LONDON – The world must help the United States stop Iran (search) and North Korea (search) from acquiring nuclear weapons if it wants to avoid military action like in Iraq, U.S. national security adviser Condoleezza Rice said Thursday.
"We don't ever want to have to deal with the proliferation issue again the way we dealt with Iraq," Rice told the International Institute for Strategic Studies (search).
"If you don't want a made-in-America solution, then let's find out how to resolve the North Korean case and the Iranian case."
The United States fears Iran and North Korea are using civilian nuclear power programs as cover for building atomic bombs. Last year, President Bush named both countries, along with Saddam Hussein's Iraq, as being part of an "axis of evil."
Bush has called for strong action -- including "active interdiction" of suspicious cargoes -- to stop the spread of nuclear, chemical and biological weapons.
Some fear that, in the wake of the war on Iraq, the U.S. administration plans military attacks on other countries it suspects of possessing such weapons.
Rice did not rule out armed action against North Korea.
"I don't think we can speculate about where an interdiction initiative should lead, but it's extremely important that countries like North Korea recognize that if they are going to flaunt their international obligations, there will be a cost for it," she said.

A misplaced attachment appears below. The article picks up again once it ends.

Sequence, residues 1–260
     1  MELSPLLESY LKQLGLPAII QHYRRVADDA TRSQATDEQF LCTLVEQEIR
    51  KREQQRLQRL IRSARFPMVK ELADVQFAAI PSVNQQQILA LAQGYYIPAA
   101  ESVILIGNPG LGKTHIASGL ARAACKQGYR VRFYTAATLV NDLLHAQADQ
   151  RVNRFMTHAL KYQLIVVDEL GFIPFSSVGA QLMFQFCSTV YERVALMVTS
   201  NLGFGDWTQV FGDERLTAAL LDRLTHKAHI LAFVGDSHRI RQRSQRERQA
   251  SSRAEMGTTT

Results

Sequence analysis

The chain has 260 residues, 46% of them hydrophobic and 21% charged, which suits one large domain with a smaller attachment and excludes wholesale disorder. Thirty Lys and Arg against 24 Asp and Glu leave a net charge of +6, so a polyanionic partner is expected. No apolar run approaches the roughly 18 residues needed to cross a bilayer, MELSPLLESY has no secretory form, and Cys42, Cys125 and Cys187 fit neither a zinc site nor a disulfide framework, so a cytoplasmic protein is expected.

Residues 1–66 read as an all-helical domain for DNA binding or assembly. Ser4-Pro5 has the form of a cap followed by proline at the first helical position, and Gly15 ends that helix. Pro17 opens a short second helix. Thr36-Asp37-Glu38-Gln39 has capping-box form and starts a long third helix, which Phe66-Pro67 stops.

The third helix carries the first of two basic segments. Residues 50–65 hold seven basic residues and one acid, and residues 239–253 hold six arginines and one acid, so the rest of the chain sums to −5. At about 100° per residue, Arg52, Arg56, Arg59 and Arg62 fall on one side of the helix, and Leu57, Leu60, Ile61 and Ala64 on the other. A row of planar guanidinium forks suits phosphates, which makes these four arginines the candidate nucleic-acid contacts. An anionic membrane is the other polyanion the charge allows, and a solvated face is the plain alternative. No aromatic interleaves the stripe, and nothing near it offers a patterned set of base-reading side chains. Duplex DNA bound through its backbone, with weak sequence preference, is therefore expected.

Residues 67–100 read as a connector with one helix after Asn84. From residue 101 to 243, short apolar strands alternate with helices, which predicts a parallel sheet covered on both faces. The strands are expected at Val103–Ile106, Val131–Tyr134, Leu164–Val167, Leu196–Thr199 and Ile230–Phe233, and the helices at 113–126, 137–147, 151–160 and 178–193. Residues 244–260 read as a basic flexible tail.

"The North Koreans have to be stopped and the world has to stop them. How far it will go, I think none of us can predict."
Rice said reports by the International Atomic Energy Agency about Iran's nuclear program were "at the very least disturbing." She said Iran should allow inspectors unfettered access to verify it was not developing nuclear weapons.
Iran has said it will continue to limit the operations of the U.N. nuclear watchdog.
"The United States cannot face up to this alone," Rice said. "This is something the international community must do."
In an address to journalists, politicians and foreign-affairs analysts, Rice said the world had nothing to fear from a "unipolar" world with the United States as sole superpower.
Rice said the United States, European nations and other "freedom-loving countries," united by a "confluence of common interests and common values," should work together to fight terrorism, rebuild Iraq and ease tensions in the Middle East. She is heading to the region later this week for meetings with Israeli and Palestinian leaders.
Some countries have questioned the U.S. administration's commitment to multilateralism.
When the United Nations refused to authorize force to disarm Saddam earlier this year, the United States did so unilaterally, supported by what Bush called a "coalition of the willing." American leaders said more than 30 countries participated, but only Britain and Australia provided substantial military forces.
Rice said the United States was committed to exercising its power with "humility, not hubris."
"We want multilateral solutions, but we want solutions," she said. "Post 9/11, the sense of urgency in the United States to have solutions to these problems has grown."